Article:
Prions Partner With DNA | Chemical & Engineering News
Volume 90 Issue 27 | p. 22 | Concentrates
Issue Date: July 2, 2012

Prions Partner With DNA

The disease-causing protein forms toxic aggregates when it binds to DNA
Department: Science & Technology
News Channels: Biological SCENE
Keywords: prion, DNA-protein interactions, aggregation, transmissible spongiform encephalopathy, TSE
[+]Enlarge
By themselves, prion proteins didn’t clump much. But when the DNA sequences were bound with prions, aggregates of the proteins formed, as shown in this transmission electron microscopy image.
Credit: Yraima Cordeiro
A black blotch with many angular features is a micrograph of prions and DNA forming aggregates.
 
By themselves, prion proteins didn’t clump much. But when the DNA sequences were bound with prions, aggregates of the proteins formed, as shown in this transmission electron microscopy image.
Credit: Yraima Cordeiro

Prion proteins, famous for causing transmissible spongiform encephalopathies such as mad cow and Creutzfeldt-Jakob diseases, have long posed a mystery to scientists. In their infectious, misfolded form, they seem to replicate and spread disease without the participation of genetic material (see page 24). Scientists think that when infectious prions encounter typical prions, they convert them to infectious forms that continue spreading. The misfolded prions then start clumping together into aggregates, killing nerve cells. Now researchers have for the first time identified prion interactions with DNA that lead to prion aggregation and cell toxicity (Biochemistry, DOI: 10.1021/bi300440e). Yraima Cordeiro and Jerson L. Silva of the Federal University of Rio de Janeiro and their colleagues had previously found that nucleotides can bind to prions. When the group mixed normal mouse prions with two short, double-stranded DNA sequences that they call D44 and D67, the resulting prion-DNA complexes aggregated into clumps. The uncomplexed prions did not aggregate. The longer sequence, with 21 base pairs, caused larger aggregates. Both types of prion-DNA aggregates killed neuroblastoma cells, the researchers found.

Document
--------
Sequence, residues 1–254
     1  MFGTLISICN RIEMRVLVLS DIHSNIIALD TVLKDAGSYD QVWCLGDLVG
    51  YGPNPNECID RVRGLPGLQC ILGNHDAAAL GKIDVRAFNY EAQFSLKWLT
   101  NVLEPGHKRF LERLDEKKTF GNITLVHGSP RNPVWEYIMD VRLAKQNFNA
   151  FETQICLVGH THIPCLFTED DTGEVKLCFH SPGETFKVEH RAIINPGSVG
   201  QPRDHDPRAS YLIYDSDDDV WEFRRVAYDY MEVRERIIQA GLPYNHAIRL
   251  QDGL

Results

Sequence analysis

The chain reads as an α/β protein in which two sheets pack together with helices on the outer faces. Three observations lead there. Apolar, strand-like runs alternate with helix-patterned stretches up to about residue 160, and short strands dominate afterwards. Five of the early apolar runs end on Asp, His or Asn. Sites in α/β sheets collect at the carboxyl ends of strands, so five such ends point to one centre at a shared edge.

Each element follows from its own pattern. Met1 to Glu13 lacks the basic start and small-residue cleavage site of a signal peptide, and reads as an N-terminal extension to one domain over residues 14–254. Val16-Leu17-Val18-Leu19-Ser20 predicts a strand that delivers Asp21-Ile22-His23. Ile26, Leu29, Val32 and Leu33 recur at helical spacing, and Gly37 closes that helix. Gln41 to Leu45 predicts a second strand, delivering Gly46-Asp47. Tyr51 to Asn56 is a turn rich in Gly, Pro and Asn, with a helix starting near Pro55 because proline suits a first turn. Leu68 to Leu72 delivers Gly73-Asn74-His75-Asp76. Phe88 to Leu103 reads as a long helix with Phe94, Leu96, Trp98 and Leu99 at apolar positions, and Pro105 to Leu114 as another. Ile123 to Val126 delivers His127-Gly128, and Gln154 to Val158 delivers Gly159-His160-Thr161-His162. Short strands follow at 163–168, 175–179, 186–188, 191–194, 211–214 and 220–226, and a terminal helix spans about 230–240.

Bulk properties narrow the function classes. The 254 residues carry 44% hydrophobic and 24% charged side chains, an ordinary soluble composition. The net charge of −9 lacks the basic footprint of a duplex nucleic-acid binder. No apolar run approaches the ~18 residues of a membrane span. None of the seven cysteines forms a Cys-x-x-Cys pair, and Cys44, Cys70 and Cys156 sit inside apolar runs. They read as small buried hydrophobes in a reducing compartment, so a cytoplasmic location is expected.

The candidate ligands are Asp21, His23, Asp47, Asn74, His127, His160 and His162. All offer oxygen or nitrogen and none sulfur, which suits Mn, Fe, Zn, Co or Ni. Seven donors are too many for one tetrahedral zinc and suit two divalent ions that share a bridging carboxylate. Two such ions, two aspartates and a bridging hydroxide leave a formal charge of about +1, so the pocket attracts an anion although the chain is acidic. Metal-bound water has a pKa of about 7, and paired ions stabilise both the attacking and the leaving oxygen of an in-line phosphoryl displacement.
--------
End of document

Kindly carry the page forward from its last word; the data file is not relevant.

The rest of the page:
Chemical & Engineering News
ISSN 0009-2347
Copyright © American Chemical Society

Leave A Comment

*Required to comment